State Has Worst Black-White Learning Gap
Despite decades of efforts to close gap, little improvement has occurred.
When Madison Memorial High School sophomore Demitrius Kigeya solves math problems in his head, other students give him surprised looks. He believes it is because he is black.
“I just pay attention in class and do my homework,” said Kigeya, 15.
Odoi Lassey, 16, a junior, echoed Kigeya’s feelings.
“People don’t expect you to know anything,” explained Lassey, who, like Kigeya, is a high academic performer, plays on the high school soccer team and is active in Memorial’s Black Student Union.
“It’s almost as if you know something, they think you’re weird or you’re acting white … some people think you’re not black just because you try to help yourself out and do well in school.”
The negative stereotype that follows students such as Kigeya and Lassey is rooted in Wisconsin’s dismal racial academic achievement record.
A Wisconsin Center for Investigative Journalism review of two decades of data pertaining to black-white academic disparities yielded few signs of progress. In fact, the gap has widened in some areas during that time.
Today, Wisconsin ranks the worst in the nation for:
- The difference between how well black and white students perform on a national benchmark test.
- The likelihood that black students will be suspended from school.
- The difference between black and white student graduation rates.
Although Republican Gov. Scott Walker has touted Wisconsin’s educational gains under his administration, students of color for the most part are not sharing in that success. Data reviewed by the Center show many troubling patterns essentially unchanged throughout the tenures of Walker’s predecessors, including Democrat Jim Doyle and Republicans Scott McCallum and Tommy Thompson.
Today marks the first installment in the Center’s investigation, Children Left Behind: Inside Wisconsin’s Achievement Gap, that in coming weeks will explore reasons for faltering performance and ways to improve the state of education for Wisconsin’s poor children and students of color.
Wisconsin has been labeled one of the worst states in the nation for black children based on measures including poverty, single-parent households and math proficiency. Statewide, just over 15 percent of black students tested proficient on statewide exams in math, compared to 43 percent of white students, according to 2013-14 test scores from the state Department of Public Instruction.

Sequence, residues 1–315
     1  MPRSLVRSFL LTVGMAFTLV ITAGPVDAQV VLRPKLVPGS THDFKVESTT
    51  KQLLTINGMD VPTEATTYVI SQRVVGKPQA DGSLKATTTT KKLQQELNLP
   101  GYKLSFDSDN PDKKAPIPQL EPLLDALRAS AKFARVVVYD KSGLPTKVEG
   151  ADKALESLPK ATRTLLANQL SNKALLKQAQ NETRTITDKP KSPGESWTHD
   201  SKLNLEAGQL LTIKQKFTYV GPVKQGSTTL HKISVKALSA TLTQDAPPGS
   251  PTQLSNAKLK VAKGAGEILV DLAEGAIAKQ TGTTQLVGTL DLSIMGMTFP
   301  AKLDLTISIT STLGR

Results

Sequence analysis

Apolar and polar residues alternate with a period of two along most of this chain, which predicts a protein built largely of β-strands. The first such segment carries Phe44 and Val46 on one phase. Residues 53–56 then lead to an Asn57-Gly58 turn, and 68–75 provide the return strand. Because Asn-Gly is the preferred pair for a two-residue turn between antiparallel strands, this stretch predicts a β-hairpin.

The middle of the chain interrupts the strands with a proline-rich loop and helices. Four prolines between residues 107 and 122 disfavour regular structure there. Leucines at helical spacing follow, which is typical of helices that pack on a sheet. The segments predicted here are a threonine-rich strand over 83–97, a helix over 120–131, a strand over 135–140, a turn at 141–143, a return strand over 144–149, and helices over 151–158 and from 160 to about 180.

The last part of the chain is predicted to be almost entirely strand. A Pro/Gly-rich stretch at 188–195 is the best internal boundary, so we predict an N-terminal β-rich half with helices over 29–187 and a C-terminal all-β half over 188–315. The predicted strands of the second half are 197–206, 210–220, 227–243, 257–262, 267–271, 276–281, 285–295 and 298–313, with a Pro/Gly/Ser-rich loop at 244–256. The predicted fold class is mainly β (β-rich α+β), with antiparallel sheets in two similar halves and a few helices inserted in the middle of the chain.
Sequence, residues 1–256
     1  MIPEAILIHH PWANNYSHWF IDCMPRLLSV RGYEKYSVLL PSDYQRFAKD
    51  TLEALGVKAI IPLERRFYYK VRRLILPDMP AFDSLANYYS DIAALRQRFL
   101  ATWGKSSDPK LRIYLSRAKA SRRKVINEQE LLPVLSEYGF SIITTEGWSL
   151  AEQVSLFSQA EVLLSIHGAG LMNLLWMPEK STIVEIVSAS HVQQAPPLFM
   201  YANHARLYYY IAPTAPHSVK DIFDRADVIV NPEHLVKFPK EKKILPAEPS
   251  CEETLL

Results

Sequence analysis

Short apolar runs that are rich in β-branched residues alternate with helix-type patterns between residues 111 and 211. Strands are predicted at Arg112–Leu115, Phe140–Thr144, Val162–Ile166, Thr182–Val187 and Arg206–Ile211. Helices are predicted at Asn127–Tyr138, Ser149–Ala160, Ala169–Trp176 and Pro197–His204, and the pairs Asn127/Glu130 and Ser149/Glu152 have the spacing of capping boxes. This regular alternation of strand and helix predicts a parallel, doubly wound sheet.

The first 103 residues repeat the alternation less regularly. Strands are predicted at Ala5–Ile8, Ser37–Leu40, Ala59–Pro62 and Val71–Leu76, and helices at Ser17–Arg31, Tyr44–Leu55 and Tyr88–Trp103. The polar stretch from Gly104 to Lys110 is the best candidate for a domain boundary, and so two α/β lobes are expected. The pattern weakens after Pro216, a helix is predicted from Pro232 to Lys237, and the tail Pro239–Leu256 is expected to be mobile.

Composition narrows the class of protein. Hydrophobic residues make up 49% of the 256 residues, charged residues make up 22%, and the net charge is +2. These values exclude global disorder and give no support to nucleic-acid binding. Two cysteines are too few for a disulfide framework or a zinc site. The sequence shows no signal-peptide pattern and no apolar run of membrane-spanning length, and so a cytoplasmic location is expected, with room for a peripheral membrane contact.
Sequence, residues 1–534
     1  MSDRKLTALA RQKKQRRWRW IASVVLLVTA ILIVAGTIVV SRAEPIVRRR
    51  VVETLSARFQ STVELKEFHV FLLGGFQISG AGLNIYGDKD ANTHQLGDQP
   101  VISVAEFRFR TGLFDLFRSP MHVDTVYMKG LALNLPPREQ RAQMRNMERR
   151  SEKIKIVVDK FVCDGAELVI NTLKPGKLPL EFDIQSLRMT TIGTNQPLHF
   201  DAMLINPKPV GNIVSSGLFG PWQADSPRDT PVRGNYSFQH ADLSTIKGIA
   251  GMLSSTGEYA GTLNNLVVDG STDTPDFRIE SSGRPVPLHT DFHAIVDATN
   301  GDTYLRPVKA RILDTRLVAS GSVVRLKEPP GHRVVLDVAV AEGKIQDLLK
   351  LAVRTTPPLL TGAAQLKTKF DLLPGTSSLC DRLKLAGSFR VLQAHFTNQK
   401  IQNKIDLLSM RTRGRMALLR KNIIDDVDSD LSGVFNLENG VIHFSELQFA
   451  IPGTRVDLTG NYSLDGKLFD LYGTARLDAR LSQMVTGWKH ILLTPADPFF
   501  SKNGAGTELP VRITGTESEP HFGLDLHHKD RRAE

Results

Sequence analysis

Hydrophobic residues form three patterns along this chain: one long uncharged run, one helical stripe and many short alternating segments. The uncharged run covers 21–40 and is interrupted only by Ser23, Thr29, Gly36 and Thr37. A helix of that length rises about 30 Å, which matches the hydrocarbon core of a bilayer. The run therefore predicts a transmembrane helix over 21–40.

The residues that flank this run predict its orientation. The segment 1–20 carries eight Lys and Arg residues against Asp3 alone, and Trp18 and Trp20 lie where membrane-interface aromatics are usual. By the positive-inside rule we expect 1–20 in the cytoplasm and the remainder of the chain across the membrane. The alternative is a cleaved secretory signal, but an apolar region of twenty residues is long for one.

Tony Evers, the state superintendent of public instruction since 2009, conceded there is only one way to describe Wisconsin’s achievement gap: “It’s extraordinarily horrible.”
The gap, he said, has racial and economic causes.
“Wisconsin has a history of not being able to solve this issue and, frankly, not being able to lift people of color out of poverty in any significant way,” Evers said.
“Can we do more in our schools? Yes, and we should do more. But the fact of the matter is, we need the entire state to rally around people of poverty or this will never be solved in a satisfactory way.”
The struggles of Wisconsin’s black students are particularly stark, considering the state’s students as a whole perform at or above national averages on standardized tests, the class of 2014 graduated at the third-highest rate in the nation, and Wisconsin high schoolers are among the top scorers on the college aptitude ACT test.
The shortfalls in Wisconsin dramatize the failure of national efforts to raise achievement levels. Congress passed the No Child Left Behind Act in 2001 in an effort to close the achievement gap, placing great emphasis on standardized testing. However, Congress left the law behind after years of partisan bickering. President Barack Obama signed the changes into law Dec. 10.